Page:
Back in the late 50s, Wilhelm Karmann had the inside track in Wolfsburg. His Osnabrück company built the Beetle convertible and the Karmann Ghia (a.k.a. “Typ 14”) for Volkswagen. Rubbing shoulders with Volkswagen engineers and designers, Karmann knew early what others didn’t know: He knew the plans for the notchback VW 1500 “Typ 3”. Karmann shared the secret with the Ghia designers in Turin. Luigi Segre, head of the studio, could not control his excitement.
Drawing after drawing for a new larger Karmann Ghia based on the larger Volkswagen was sent to Osnabrück, along with letters that implored Karmann to build the car. Karmann was all for it, but Volkswagen in Wolfsburg was hesitant. The smaller Karmann Ghia was selling well, and why invest money into too many niches?
Finally, Heinrich Nordhoff, chief of Volkswagen, green lighted the project – with reservations. He doubted it would be a big seller. While the Typ 3 was developed, Karmann developed in parallel the “large Karmann.” To throw off spies, the project received the name “Lyon”. That could be a city in France. Or a big German sausage, “die Lyoner Wurst.”
The project leader at Ghia in Turin was Luigi Sartorelli, the man who had designed the smaller Karmann. For the large Karmann, Sartorelli drew inspiration from a surprising corner: In the U.S., the rear engined, compact and sleek Corvair had created a minor revolution.
Sartorelli’s first designs were heavily influenced by the Corvair, down to the closely grouped twin headlights. Those collided with German law. The inner pair was relegated more towards the center of the car. Segre and Sartorelli protested against the brutalization of their designs – even after production had begun, they sent designs for a different front.
At the Frankfurt Auto Show 1961, 50 years ago, the large Karmann was presented side by side with the freshly launched Typ 3. The model code for the large Karmann was Typ 34. At the time, this was the most expensive and most luxurious Volkswagen in the Wolfsburg line-up. The large Karmann could even be had with an electrically actuated sunroof – a revolution at its time. I remember hand cranked ones well into the 90s.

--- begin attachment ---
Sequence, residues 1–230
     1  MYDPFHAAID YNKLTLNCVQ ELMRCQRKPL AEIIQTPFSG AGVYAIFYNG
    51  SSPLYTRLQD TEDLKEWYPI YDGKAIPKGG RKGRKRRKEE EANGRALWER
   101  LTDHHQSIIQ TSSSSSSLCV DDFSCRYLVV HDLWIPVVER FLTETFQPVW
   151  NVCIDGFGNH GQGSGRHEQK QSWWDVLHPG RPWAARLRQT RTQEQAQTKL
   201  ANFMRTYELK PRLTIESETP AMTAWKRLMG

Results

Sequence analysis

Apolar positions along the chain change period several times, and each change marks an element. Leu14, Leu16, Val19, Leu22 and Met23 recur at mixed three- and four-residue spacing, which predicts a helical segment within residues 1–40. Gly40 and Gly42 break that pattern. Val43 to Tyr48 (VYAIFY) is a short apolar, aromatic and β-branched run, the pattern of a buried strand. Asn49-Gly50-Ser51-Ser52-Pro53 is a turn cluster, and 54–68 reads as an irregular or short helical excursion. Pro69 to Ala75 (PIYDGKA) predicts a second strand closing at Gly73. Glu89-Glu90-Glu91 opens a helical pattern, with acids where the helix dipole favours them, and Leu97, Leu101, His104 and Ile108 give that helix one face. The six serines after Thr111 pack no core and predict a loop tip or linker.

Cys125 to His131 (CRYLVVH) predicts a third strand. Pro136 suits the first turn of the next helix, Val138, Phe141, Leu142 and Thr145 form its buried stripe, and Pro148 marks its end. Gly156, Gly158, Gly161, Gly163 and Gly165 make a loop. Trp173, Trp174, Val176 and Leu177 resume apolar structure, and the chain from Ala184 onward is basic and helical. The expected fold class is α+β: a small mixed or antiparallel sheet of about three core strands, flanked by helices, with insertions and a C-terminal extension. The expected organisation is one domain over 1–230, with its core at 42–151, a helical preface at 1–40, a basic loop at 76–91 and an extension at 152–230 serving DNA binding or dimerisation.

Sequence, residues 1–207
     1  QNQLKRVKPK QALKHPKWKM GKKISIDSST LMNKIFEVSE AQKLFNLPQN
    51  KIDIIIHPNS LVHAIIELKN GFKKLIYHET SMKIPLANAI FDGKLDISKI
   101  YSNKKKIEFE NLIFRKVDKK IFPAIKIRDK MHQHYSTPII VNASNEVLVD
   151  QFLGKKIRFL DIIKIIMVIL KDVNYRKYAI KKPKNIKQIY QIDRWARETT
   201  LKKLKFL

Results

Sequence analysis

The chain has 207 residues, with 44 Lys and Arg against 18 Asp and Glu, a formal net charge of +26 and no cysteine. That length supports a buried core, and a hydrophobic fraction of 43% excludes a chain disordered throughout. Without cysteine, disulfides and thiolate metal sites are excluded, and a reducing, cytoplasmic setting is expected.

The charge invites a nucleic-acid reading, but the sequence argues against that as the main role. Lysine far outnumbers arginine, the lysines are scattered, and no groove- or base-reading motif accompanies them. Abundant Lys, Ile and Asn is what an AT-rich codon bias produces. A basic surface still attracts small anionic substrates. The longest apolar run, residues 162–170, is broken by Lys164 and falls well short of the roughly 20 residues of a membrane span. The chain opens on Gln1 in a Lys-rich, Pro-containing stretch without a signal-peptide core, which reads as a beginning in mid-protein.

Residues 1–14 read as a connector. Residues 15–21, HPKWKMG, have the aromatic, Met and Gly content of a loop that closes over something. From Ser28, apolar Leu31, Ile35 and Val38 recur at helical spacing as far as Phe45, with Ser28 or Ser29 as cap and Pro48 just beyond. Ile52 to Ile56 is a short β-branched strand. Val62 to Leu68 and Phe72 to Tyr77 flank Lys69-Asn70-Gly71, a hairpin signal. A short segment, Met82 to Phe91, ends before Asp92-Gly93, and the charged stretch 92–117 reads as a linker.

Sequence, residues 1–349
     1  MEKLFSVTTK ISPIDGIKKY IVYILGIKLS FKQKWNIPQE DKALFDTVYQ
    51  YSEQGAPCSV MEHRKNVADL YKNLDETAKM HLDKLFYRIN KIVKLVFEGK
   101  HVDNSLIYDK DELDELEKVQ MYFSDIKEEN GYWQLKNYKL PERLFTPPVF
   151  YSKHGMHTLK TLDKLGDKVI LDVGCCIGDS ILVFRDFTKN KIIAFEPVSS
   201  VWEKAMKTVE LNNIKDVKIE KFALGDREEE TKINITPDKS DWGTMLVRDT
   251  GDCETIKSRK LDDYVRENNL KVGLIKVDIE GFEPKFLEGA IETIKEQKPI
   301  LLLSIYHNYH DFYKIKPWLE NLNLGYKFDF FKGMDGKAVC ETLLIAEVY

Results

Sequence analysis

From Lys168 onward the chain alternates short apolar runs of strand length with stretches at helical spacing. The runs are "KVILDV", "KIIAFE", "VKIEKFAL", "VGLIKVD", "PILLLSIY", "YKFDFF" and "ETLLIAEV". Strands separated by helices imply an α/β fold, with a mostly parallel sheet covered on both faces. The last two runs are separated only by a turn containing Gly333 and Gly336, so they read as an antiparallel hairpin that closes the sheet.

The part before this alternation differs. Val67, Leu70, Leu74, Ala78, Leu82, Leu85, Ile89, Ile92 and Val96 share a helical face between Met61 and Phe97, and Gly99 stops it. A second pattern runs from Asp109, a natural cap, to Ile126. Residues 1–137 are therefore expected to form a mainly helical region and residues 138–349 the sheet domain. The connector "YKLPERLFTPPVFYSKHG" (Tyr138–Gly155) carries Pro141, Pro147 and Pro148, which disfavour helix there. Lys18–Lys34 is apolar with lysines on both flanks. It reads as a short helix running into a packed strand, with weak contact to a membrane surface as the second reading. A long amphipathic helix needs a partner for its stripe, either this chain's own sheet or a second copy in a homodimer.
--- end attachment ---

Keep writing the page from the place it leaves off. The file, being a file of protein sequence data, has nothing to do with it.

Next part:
Despite rumors to the contrary, the large Karmann never had the the Bosch D-Jetronic injection engine. The technical data page of the 11/68 version of the VW 1600 L Karmann Ghia Coupé mentions only the naturally aspirated dual carbureted 1.6 liter engine 1.6 liter engine of the VW 1600. The Volkswagen historians confirm this.
The large Karmann was never officially offered in the U.S. However, many found their way across the Canadian border. Maintaining a show quality or even just a drivable large Karmann is an expensive proposition. Parts are hard to find. If you want to keep up a large Karmann, you better have two (one as a donor vehicle), or Murilee Martin’s number on the speed-dial.
Of course, Karmann immediately started out to design a convertible for the Typ 3, as they did for the Beetle and their own smaller Karmann. As told 2 days ago, this design was nixed, shortly before the introduction of the car.
One of the prototypes for the convertible survived in the Karmann Museum. After the Karmann plant was saved by Volkswagen end of 2009, the Museum was renamed to “Volkswagen Automobilsammlung Osnabrück.” Its chief, Klaus Ulrich, at Karmann since 1973, sometimes drives – very carefully – the prototype at old-timer rallies, such as at the Sachsen Classic Rallye in 2010 (picture above.)
Ulrich is proud of another rarity: The Karmann Ghia 1600 TL hatchback coupe. Built on the VW 1600 TL, it had a big hatch in the back and the rear seats could be folded down. Precursor of the hatchbacks of the 70s. Luigi Segre, who died in 1963, would have approved of the design: The twin headlights are illegally close together, framed in chrome trim. It was never built. Maybe not to steal the thunder of the Passat that came in 1973. It had a big hatch in the back and rear seats that could be folded down.
The large Karmann looked great, but I did not sell well. Only 42,500 units changed hands between 1962 and 1969.
At the end of 1968, Wilhelm Karmann received a letter from Wolfsburg: “In the interest of timely mutual planning, we would like to inform you that we intend to cease production of the Typ 34 in the following year.”
Volkswagen had a make good: The “Volksporsche” 914, built at Karmann from 1969 to 1976.